Great British jewellery designers: Wendy Ramshaw

With a devoted worldwide following, Wendy Ramshaw is one of our favourite, and most decorated, British designers. 

Wendy Ramshaw Sentinel necklace in silver and yellow gold, 1990

The list of accolades attached to Wendy Ramshaw’s name is far too lengthy to list - both an OBE and a CBE for services to art are included - but let’s just say that she is one of Britain’s most decorated jewellery designers.

Wendy Ramshaw used turned anodised aluminium and gold for these pendant earrings, 2014.

Ramshaw first won favour with a collection of colourful, flat-pack paper jewellery in the 1960s that customers of fashionable boutiques of the time, such as Mary Quant’s Bazaar in London, had to build themselves. The company, called Something Special, was a collaboration with her husband David Watkins, who is also a successful jeweller and sculptor - he went on to head up the Royal College of Art’s jewellery department and design the medals for the 2012 London Olympics.

Watkins and Ramshaw met in 1961 when they were both studying at the University of Reading and, after a whirlwind romance, were married a year later. While they have both built successful independent careers, the pair have woven their private and working lives together, drawing strength and inspiration from one another. They have also collaborated on many projects, and in 2009 Graham Hughes published a book about them called David Watkins, Wendy Ramshaw: A Life’s Partnership.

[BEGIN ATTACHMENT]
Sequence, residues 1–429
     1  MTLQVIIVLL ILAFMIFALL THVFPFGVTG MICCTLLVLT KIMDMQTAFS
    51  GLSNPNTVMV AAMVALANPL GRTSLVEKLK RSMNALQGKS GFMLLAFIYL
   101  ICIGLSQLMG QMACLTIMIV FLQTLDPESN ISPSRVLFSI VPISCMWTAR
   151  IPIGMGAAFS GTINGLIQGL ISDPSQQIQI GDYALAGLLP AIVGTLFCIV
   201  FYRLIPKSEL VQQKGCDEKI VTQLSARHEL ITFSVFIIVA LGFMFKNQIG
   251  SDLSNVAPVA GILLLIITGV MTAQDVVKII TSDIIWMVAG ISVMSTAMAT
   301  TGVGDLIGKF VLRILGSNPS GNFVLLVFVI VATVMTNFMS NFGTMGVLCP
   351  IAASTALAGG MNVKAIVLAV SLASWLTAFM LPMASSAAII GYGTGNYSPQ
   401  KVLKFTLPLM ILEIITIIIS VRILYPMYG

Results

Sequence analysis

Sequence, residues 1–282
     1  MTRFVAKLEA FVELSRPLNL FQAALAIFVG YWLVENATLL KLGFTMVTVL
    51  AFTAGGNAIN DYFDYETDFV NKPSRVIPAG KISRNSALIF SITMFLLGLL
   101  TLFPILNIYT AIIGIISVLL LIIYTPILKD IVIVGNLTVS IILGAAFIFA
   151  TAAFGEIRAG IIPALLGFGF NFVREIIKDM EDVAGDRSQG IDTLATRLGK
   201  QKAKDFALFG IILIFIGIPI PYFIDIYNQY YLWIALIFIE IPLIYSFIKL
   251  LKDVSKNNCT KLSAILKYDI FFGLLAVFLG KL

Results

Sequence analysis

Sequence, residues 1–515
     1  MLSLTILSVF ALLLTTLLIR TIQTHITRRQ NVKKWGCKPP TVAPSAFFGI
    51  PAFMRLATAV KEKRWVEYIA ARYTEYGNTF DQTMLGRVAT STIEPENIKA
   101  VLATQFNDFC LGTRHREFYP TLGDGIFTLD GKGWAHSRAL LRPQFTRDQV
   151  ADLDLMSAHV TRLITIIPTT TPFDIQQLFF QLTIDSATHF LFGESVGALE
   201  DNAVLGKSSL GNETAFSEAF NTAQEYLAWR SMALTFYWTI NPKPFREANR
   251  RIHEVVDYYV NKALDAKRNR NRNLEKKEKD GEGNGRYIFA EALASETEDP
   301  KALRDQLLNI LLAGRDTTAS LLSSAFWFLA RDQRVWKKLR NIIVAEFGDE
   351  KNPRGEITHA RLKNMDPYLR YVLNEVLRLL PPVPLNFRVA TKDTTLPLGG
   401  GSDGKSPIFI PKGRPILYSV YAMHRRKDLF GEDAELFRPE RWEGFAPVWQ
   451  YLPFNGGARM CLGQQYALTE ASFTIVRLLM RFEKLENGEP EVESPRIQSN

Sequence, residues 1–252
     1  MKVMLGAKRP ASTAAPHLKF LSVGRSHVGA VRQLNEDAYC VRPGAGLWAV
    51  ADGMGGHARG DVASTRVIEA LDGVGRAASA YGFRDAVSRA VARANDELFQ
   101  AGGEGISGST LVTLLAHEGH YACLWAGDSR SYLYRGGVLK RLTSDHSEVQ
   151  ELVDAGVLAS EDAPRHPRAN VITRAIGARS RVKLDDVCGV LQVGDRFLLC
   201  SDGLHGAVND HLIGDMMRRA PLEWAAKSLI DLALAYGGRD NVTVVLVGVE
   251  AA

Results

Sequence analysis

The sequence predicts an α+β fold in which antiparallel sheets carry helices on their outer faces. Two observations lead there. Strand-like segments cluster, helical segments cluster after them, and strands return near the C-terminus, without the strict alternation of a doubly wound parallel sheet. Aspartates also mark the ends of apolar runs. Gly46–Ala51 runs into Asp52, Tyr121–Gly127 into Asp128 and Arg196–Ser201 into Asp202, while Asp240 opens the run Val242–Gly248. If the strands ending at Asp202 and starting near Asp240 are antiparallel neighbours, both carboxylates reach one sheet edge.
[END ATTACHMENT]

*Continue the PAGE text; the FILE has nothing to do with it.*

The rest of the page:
Ramshaw's iconic ring stacks: 10 gold rings set with citrine, tourmaline, amethyst and iolite (POA at The Scottish Gallery).
Ramshaw’s signature design is her Ringsets - stacks of complementary gold rings, usually set with semi-precious gems displayed on ornamental posts, creating unusual sculptures. While jewellery shoppers are now au fait with stacking rings, when Ramshaw first developed the concept more than 40 years ago, it was radical, and it won her a Design Council Award for Innovation in 1972. 

Other pieces in Ramshaw’s repertoire are big and sculptural - she creates large-scale metalwork and sculptures, including creating the gates to London’s Hyde Park. A main source of inspiration for the designer is geometry, with circles and lines handcrafted in gold, intersecting and supporting each other.

Wendy Ramshaw's Lucciole pendant necklace traps gold thread within a glass sphere, 2009 (POA, The Scottish Gallery).

While Ramshaw’s work is still relatively accessible - prices for her jewellery start at £1,000 - it can be hard to find, as once customers buy into her work, they seem to be reluctant to let go. “Wendy Ramshaw jewellery cries out to be worn, and it is also jewellery to be worshipped and treasured,” says Christina Jansen, managing director of The Scottish Gallery, which holds the largest collection of Ramshaw jewellery in the world. “There is always demand for unique jewellery as special as Wendy's. When we hosted the exhibition The Inventor in 2013, which coincided with the touring exhibition of her Rooms of Dreams exhibition [currently on show at the Birmingham Museum & Art Gallery], we had clients fly in from all over Europe and America. We were overwhelmed with the interest.”

One of Ramshaw’s favourite lines is “jewellery is joy”, and with such a dedicated following the world over, this is one of our most treasured British designers that has spread that joy far and wide.



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